Coin Public Library, Coin Iowa

Last summer I was on a photo road trip.  I like to document small towns as well as rural areas.  I was photographed Coin, Iowa in Page county.  Page County is in the Southern most tier of counties in Iowa and in the Southwest corner of Iowa.

Coin is a very small town with a population just under 200 and has the 51636 zip code and is home to the Wabash Trace which is a 63 mile train line running to Council Bluffs that is now a bike trail.  The Wabash Railroad operated in the mid-central United States.  “It served a large area, including trackage in the states of Ohio, Indiana, Illinois, Iowa, Michigan, and Missouri and the province of Ontario. Its primary connections included Chicago, Illinois, Kansas City, Missouri, Detroit, Michigan, Buffalo, New York, St. Louis, Missouri, and Toledo, Ohio.”1.

Coin Iowa Post Office

Coin Iowa Post Office

Coin residents are fortunate to still have a working post office.

Coin Iowa Library

Coin Iowa Library

They also have a small but well kept library.

Land of Make Believe

Land of Make Believe

Someone cares enough to add some extra touches to give it a less sterile feel.

Former Bank - Coin, Iowa

Former Bank – Coin, Iowa

Now it’s an insurance agency.

Former Hardware Store, now a bar and grill

A.E. Swift Furniture and Hardware

Now a bar and grill

Former Gas Station

Former Service Station

Coin is a nice little town but it’s dying.  The post office will probably close soon.  There is no grocery store or gas station so residents need to buy food and fuel elsewhere.  But the library indicates they do have community spirit and make an effort to do things for the better of the community with what they have.

 

References:
1.  http://en.wikipedia.org/wiki/Wabash_Railroad

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11 Responses to Coin Public Library, Coin Iowa

  1. Thanks for this photo essay on Coin. You know I share your love for photographing places like this. Is Coin anywhere near Harlan or Defiance, Iowa? I wish someone would save that corner gas station. The name Coin intrigues me, too.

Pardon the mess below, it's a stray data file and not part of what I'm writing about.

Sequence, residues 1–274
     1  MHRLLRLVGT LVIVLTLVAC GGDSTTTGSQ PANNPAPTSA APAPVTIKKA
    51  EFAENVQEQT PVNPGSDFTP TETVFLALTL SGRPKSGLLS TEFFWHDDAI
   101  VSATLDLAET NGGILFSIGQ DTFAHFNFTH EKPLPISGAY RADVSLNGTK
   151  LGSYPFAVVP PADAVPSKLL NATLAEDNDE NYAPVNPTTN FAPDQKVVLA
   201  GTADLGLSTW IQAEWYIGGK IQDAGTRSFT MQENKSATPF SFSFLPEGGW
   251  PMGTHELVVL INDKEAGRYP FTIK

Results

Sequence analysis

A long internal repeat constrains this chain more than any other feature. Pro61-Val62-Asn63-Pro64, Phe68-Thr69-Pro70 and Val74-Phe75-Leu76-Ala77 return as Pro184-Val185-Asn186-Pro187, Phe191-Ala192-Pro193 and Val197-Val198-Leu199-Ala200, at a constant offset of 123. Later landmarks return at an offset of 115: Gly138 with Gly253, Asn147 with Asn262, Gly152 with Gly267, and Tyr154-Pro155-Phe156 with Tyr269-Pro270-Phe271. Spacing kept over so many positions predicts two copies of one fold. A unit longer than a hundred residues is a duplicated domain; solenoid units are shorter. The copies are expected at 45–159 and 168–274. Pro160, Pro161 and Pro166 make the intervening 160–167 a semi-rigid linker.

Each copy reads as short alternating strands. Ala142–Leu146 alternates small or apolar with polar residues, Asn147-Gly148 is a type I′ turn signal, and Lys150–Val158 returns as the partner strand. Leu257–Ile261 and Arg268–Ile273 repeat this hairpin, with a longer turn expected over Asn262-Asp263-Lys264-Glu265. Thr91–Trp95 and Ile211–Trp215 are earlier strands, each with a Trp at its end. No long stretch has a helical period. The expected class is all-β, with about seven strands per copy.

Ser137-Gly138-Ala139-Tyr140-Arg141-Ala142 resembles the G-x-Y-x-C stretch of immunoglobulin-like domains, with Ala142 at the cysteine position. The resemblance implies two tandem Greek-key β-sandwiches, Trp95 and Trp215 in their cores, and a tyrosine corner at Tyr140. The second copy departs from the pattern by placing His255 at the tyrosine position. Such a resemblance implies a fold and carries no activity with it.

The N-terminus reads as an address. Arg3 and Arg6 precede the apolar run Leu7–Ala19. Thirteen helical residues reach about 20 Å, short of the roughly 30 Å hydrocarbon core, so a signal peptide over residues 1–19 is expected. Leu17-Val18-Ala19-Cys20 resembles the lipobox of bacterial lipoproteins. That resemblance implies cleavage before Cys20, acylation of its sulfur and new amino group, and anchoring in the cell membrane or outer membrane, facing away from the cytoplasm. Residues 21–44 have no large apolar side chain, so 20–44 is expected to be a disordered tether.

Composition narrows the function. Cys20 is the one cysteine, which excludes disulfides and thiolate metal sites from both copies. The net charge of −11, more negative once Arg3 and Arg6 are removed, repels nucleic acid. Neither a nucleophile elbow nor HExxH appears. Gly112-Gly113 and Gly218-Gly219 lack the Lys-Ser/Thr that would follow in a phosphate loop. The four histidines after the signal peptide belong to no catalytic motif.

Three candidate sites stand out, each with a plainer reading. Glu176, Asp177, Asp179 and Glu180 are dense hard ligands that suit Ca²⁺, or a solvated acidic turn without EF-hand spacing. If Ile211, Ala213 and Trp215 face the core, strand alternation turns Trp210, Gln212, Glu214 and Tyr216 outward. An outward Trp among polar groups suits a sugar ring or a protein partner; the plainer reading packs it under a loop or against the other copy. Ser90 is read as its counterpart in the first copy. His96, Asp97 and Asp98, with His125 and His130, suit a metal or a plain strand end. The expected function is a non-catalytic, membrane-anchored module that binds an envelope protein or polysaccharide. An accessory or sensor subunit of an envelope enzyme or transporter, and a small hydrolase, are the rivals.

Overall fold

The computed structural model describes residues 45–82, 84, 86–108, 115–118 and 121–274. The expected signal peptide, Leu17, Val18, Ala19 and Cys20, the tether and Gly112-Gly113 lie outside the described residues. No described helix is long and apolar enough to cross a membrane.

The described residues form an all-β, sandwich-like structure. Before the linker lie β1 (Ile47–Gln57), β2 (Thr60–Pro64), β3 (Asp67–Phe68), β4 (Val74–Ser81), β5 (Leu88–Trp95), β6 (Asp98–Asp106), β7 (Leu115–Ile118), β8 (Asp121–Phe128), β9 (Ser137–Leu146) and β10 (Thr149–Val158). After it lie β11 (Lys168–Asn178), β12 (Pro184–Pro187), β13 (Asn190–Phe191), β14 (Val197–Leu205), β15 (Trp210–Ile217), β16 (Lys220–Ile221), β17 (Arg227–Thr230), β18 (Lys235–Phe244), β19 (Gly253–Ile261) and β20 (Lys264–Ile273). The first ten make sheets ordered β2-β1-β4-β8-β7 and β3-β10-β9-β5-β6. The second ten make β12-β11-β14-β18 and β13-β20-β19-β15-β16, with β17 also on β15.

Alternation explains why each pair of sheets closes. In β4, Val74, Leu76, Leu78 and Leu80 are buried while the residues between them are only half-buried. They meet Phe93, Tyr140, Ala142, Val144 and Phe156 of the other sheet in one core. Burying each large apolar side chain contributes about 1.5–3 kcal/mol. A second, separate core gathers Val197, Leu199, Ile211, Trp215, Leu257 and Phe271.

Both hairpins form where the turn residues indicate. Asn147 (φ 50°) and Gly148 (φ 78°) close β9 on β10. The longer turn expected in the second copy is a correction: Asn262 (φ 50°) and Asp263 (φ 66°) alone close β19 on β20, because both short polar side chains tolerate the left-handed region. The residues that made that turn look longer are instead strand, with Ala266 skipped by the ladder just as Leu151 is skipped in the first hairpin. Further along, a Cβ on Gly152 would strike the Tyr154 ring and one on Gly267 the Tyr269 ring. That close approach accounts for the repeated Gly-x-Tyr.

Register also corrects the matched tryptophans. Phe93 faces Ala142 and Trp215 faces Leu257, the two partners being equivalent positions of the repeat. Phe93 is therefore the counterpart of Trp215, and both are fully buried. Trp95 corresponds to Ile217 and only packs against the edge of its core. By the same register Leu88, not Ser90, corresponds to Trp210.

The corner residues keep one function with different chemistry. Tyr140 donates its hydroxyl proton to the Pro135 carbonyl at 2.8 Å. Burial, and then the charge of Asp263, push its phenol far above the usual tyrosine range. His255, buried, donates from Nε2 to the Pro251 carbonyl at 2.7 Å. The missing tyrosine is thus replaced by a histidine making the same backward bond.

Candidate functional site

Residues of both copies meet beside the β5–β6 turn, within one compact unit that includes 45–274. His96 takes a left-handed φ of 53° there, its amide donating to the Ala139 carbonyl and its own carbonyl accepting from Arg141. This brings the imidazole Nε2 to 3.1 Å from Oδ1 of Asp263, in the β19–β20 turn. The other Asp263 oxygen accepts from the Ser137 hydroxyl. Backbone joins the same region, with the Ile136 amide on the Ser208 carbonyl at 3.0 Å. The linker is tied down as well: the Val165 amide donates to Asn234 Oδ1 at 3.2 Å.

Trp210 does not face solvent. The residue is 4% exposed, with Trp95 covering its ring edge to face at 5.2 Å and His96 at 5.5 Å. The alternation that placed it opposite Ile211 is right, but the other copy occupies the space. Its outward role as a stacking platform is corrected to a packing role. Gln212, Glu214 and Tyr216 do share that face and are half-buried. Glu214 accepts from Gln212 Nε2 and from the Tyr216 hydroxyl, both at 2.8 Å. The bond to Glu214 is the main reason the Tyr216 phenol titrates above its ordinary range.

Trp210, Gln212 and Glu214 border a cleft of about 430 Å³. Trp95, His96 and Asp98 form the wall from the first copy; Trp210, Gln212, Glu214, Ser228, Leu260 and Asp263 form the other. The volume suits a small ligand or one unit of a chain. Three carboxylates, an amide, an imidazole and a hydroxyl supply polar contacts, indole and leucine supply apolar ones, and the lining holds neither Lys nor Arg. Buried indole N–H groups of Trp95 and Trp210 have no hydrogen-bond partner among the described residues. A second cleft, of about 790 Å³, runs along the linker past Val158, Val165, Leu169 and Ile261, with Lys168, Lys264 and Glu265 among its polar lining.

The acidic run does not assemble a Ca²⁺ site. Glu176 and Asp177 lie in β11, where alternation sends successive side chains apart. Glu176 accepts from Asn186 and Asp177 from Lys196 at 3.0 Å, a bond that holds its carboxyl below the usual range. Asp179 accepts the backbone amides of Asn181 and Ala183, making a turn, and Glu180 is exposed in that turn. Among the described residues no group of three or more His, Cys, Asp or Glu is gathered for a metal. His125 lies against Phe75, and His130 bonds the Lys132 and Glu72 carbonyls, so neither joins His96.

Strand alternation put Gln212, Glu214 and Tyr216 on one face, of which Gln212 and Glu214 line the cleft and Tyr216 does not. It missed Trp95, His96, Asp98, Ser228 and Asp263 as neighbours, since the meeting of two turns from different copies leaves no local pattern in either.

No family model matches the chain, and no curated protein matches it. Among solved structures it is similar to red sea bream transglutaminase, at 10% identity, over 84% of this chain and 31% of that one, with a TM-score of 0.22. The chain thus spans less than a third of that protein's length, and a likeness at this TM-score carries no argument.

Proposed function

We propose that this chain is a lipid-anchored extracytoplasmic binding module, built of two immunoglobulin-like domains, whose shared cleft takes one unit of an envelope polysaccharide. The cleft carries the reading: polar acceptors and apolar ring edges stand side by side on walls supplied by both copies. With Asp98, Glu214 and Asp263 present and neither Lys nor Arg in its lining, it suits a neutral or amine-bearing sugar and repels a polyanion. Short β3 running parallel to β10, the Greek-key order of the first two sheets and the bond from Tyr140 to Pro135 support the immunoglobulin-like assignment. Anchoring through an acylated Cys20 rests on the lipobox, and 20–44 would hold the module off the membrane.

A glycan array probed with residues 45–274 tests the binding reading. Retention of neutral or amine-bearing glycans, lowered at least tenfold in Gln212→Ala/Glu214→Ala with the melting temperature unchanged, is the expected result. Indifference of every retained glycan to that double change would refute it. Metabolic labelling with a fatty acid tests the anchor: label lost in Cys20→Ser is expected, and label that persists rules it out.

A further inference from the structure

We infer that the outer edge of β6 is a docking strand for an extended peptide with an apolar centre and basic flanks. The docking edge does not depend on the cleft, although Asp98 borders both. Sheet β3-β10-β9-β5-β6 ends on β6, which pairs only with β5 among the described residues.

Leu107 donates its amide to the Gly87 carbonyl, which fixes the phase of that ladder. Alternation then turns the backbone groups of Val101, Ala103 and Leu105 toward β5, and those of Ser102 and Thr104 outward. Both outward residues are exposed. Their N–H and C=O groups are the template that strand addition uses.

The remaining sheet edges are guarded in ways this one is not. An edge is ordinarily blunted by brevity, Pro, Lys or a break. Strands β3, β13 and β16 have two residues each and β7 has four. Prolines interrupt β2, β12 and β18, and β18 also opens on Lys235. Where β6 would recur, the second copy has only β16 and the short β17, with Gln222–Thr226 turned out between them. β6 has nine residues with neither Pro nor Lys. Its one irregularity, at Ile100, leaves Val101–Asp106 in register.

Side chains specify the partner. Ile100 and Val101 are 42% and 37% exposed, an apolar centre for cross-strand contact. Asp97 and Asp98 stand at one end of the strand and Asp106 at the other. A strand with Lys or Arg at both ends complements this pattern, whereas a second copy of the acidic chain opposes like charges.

2. Jackie says:

    I’m a fellow “road tripper” and always appreciate the small town photos. I’m with Audrey…somenone needs to save that gas station 🙂

  3. Ryan… I really like your images and the fact that you are documenting small towns. As America continues to change, landmarks such as those you are photographing tend to disappear over time. It is important work that your are doing. I will keep up with this blog, thank you for all you do.

  4. vhauldlerie says:

    I love your photos and wanted to thank you for documenting this little town. My grandfather (born in 1888) as well as his father (born in 1852) grew up there! My grandfather’s grandfather moved there from Kentucky in 1851 and owned many acres just east of town. Hard to believe it was once a busy little town…much busier than now. Thank you!

  5. Jeff Adams says:

    It’s really to bad no Photo’s of snow Hill, or the old High School were taken, it was a big old beautiful building, i was at probably one of the last events held there 30 years ago. I remember it had a large indoor basketball court and giant boiler in the basement, I always dreamed as a kid of saving that place, I went back a few years ago and someone had kicked in the back doors and wrecked the place, spray painted racial slurs all over the walls and doors. there is like one old racist bastard in that town, went around burning down empty houses and wrecking what would otherwise be an amazing little town with a lot of history. also pics of Snow Hill outside of town would have been awesome, the children in the town were killed by disease at the turn of the century. so it’s a bunch of old children statues and cherub angels, it’s a cool place. I’m from Coin and it always breaks my heart to go back then it breaks my heart to leave I’ve been away for decades, but Coin will always be home. It deserves better than apathy and to be lost to time.

    • ryanware says:

      If I get back to Coin, I will look for Snow Hill and the School. I’m sure it is hard to see your home town fading from existence. Sadly, that is the fate of so many. How many students were at the school when it was open. I come from a small town and we had 29 in my class.

  6. Margaret Kapoor says:

    I visited Coin about 1992 as part of a road trip California to Chicago with my mother and daughter. Coin was my the hometown of my grandparents and their parents from a little bit earlier than the turn of the 1900’s. They were farmers and I believe sold stock that was transported on the train. When I went there was a small museum with photos of the town and people who lived there. I was surprised when I saw photos of my fathers cousins on the wall. I also met a lady whose family new my grandfathers family and she showed me their home. It was very interesting. It’s sad to see the town diminishing. I hope I will be able to see it again before it is all gone. Thanks for sharing the photos.

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